Friday, December 11, 2009
They defined the term “knowledge” differently. There appeared to be three different groups: those that defined knowledge as something measurable or tangible (“information”, “content”, “things that you know”), those that had difficulty defining knowledge, and those that defined knowledge as something more intangible (“with knowledge, I know how to behave in any particular situation”, “shared meaning”). Surprisingly, those that identified knowledge as something tangible felt that they were within the organization and group’s powerstructure. They also were part of the traditional training group, which had a greater influence on the project according to the second round of interviews, 3 months later.
On the other hand, those that defined knowledge as something more intangible, were the most disgruntled with the project 3 months later. In fact, one of the group members left the organization before the second interview. The two that had difficulty defining knowledge, also felt a disconnect from the group and organization throughout the project. In fact, they felt a stronger connection to their profession or department, feeling as if they were outside of the group. They also tended to be much more careful with the answers they gave during their interviews.
This would indicate that knowledge workers need to be aligned with the epistemologies of their organizations. When there are different epistemologies within an organization, for example between departments, than there might be tension within distributed groups. This tension was not obvious in the routine collaborative written project (quarterly report) in which the format and even content was dictated from outside of the organization. However, in the creation of the document that required more group interaction and ownership, the differences in epistemologies were evident.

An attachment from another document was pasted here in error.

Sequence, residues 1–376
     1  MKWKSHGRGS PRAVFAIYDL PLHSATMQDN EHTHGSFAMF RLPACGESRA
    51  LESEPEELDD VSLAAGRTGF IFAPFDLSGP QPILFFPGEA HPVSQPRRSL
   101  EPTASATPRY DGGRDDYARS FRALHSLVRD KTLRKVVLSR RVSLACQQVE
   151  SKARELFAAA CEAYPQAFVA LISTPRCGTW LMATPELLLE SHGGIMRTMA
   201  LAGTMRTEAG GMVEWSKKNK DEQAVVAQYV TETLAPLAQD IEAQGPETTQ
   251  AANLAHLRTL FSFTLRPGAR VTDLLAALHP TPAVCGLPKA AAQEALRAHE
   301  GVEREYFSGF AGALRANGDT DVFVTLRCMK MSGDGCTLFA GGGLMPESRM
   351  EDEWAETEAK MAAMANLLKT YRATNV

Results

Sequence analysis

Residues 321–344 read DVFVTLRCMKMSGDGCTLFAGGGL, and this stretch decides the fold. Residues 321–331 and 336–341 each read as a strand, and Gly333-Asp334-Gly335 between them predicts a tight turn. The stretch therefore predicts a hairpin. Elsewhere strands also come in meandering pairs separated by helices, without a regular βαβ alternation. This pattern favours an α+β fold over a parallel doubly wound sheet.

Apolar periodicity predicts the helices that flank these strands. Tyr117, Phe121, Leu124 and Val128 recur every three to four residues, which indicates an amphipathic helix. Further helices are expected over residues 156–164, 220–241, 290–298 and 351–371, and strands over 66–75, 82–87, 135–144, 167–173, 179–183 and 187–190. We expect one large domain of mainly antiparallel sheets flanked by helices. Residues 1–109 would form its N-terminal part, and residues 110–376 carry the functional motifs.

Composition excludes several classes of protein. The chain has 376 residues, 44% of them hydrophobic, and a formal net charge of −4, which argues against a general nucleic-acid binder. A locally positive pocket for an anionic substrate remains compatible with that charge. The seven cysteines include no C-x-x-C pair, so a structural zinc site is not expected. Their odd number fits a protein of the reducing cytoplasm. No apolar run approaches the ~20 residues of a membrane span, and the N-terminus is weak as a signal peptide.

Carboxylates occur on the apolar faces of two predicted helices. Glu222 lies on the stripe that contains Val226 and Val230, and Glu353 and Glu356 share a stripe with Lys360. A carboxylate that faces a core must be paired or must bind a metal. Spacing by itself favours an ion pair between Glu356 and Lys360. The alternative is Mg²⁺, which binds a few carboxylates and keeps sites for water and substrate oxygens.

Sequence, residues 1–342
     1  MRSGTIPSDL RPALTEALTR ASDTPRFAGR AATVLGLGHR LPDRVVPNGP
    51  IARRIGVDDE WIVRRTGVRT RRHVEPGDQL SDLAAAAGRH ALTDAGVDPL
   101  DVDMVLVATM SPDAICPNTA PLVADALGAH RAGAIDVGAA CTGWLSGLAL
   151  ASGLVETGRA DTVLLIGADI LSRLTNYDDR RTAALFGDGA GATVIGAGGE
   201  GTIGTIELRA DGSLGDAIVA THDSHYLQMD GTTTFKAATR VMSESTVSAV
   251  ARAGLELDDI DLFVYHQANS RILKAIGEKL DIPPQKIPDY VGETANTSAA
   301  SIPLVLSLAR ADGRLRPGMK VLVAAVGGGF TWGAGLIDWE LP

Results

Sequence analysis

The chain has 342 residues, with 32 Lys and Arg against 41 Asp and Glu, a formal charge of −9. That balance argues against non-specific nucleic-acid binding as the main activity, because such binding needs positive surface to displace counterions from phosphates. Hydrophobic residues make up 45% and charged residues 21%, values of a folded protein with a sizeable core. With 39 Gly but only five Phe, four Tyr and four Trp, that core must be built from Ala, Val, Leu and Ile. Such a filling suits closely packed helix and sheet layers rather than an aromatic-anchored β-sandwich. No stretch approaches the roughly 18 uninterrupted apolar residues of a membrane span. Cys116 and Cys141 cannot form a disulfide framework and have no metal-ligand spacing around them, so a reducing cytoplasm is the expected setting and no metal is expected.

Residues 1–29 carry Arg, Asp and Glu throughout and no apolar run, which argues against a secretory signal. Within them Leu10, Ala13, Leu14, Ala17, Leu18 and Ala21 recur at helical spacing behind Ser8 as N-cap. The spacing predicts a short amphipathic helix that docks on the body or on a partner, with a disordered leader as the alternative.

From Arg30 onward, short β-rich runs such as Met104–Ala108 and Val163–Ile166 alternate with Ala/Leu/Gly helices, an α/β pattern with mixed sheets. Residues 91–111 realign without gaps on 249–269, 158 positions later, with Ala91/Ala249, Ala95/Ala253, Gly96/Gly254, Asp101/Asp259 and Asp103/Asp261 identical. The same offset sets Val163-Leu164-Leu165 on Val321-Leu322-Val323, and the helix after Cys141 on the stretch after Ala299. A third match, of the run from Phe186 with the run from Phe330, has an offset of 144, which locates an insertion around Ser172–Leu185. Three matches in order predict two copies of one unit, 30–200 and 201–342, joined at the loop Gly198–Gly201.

In analyzing the documents, therefore, it is important that I look at the changes to the most important document underwent. It is also important to look at the alignment of these changes, the interpretation of these documents by the individuals in relation to the perceived value by the organization, and the perception of what this document represented to the individual, group, and organization.
Unlike knowledge, the definition of content was consistent throughout the group. In most of the definitions, “information” was included. In many cases, some description of a tangible product was included. This included, “a variety of media”, “source material”, “images”, “what goes in a page”, “curriculum”, and “whatever the written material is.” Additionally, most participants included skills and knowledge or the word “know” in their definitions. In many cases, the definition also included how content was applied.